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How to Do a Local Job Search


A job seeker looks at listings at a career center in Oakland, Calif.
A job seeker looks at listings at a career center in Oakland, Calif.
Justin Sullivan/Getty Images

Finding a job can be an exhausting process of resume writing, application submissions, interviews and phone calls -- not to mention all the stress, anticipation and potential rejection. If you're focused on a finding a job close to your home, there are some particular pros and cons to consider. You don't have fly to another city for an interview or worry about relocating if you get the job, but you're considerably narrowing the field of potential jobs.

You can reduce some of the stress of a local job search by starting with the right tools and a clear plan. The right job isn't going to come looking for you, so you have to be proactive. Start by updating your resume. Don't just print out a dozen copies of a resume and cover letter -- once your job search starts, you'll need to tweak your resume to suit every listing you pursue. A customized cover letter is important, too. A generic cover letter is easy to spot and will send your job application straight to the rejection pile. If you know (or can find out) the name of the person who will be reviewing your application, consider personalizing the cover letter. Just make sure to avoid resume pitfalls: Keep it to one page -- two at the most if you have a lot of relevant experience; don't use fancy fonts, colors or paper; tell your potential employer why you'd be good for them, not why the job would fit you.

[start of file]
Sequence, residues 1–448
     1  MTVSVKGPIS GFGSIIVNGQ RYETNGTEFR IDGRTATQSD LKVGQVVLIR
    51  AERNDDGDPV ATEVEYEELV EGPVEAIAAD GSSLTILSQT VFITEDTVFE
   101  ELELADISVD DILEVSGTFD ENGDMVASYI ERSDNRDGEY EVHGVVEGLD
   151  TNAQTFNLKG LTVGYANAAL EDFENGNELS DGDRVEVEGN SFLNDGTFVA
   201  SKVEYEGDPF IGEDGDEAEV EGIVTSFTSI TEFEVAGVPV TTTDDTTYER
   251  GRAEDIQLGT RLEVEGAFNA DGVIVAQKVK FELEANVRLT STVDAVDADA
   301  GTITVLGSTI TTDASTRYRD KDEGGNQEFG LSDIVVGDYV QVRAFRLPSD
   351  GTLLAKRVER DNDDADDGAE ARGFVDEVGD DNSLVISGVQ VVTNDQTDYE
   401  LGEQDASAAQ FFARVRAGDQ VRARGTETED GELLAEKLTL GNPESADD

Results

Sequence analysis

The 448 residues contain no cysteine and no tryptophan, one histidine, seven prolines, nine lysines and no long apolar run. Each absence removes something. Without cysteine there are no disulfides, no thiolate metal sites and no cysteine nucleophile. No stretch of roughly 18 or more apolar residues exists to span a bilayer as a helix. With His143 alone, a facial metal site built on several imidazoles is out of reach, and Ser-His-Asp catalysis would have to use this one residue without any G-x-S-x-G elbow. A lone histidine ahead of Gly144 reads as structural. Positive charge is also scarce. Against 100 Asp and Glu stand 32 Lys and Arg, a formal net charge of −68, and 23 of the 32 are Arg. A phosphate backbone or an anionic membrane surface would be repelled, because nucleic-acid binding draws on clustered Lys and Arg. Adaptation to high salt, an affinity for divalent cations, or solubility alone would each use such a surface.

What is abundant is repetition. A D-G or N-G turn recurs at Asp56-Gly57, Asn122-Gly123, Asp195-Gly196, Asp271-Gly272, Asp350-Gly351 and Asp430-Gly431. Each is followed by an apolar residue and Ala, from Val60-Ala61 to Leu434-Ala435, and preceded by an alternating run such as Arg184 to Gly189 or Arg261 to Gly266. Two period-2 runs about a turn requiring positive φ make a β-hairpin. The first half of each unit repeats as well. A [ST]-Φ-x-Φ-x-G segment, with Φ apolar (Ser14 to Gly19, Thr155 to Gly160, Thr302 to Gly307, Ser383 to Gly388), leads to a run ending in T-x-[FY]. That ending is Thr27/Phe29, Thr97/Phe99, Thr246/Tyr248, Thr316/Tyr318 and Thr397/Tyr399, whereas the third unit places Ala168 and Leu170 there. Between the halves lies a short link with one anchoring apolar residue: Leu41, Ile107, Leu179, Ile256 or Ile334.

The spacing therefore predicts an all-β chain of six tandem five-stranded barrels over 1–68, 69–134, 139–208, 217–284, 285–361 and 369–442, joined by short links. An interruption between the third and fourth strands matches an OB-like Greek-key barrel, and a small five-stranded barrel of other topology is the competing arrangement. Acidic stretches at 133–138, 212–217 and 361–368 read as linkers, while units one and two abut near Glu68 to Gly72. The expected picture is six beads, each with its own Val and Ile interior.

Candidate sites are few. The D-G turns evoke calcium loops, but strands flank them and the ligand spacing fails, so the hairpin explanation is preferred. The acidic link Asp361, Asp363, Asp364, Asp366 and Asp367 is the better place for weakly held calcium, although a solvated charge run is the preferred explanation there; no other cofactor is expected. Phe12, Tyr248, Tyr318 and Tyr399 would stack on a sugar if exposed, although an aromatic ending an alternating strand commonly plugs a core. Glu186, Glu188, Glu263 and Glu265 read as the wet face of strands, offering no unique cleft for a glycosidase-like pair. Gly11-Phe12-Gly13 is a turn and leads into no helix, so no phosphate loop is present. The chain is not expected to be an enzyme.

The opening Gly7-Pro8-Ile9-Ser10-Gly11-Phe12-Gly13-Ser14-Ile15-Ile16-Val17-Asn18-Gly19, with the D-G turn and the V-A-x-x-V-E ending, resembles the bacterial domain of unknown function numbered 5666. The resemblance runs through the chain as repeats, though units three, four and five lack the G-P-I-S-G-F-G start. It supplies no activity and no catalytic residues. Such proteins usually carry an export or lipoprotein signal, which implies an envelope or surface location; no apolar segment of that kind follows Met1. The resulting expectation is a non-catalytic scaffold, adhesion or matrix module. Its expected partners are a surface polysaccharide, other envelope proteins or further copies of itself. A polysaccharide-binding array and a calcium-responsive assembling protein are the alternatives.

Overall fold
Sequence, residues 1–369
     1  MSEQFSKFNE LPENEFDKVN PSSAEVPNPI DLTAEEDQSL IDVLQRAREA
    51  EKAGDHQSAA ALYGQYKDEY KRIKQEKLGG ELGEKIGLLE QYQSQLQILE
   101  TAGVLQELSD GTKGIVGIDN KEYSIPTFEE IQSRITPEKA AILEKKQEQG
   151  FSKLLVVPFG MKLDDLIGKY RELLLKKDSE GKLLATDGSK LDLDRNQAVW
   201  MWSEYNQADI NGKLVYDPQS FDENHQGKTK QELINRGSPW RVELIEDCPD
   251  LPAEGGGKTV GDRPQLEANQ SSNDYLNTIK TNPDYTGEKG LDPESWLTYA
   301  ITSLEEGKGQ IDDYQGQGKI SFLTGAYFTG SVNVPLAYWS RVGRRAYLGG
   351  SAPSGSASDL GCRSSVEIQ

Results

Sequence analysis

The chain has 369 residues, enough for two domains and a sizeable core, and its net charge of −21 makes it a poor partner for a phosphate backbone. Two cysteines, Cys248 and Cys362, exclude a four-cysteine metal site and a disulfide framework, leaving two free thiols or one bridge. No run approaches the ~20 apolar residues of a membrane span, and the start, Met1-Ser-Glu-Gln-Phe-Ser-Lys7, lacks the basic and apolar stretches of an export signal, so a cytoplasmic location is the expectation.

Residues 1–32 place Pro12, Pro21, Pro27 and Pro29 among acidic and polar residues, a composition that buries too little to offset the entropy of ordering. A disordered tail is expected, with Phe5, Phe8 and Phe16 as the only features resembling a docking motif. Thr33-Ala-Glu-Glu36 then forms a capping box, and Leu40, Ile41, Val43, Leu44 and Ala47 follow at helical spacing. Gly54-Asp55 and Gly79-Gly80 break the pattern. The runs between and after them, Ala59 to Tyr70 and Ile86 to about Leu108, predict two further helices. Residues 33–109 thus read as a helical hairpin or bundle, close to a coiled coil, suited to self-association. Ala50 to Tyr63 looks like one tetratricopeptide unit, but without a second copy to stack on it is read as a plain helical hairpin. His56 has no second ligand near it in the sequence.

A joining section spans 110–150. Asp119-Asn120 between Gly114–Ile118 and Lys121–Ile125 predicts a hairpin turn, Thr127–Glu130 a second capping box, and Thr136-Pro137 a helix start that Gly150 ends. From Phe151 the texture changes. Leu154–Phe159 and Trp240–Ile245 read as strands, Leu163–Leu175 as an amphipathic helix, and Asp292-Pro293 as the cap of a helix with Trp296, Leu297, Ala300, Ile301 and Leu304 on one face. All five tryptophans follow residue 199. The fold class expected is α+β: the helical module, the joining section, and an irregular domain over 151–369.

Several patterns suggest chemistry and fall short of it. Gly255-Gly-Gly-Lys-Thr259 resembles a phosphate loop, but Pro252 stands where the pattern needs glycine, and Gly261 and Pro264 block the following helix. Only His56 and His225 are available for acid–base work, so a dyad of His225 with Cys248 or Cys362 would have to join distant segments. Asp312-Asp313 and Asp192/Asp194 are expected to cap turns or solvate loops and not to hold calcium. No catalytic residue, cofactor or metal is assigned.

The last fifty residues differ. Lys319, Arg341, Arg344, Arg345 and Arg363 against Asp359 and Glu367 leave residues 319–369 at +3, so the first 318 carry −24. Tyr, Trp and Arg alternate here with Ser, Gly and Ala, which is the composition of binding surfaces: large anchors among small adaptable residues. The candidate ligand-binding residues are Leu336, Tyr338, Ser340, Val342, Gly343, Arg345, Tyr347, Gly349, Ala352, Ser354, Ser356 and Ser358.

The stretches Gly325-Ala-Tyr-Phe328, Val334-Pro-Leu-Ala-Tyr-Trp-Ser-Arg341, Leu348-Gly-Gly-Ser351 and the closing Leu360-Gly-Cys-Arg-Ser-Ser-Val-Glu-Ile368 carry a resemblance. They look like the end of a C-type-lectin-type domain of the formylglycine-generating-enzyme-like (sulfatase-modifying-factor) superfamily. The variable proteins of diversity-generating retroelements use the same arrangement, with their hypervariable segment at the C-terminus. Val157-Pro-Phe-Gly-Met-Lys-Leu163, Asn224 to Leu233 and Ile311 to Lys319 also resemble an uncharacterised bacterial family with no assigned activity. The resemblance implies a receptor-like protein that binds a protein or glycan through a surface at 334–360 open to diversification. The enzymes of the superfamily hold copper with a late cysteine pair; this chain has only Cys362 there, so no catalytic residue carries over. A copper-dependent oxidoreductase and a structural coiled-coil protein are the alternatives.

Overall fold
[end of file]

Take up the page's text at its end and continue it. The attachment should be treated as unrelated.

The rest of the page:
Once you've got an updated resume, it's time to look for job openings in your field. The abundance of search options can make it hard to know where to start. The key is to use all the tools at your disposal -- you never know where you'll find a job opening perfectly suited to your skill set. We're going to open up the job finder's toolkit and show you how to conduct a job search focused on your hometown.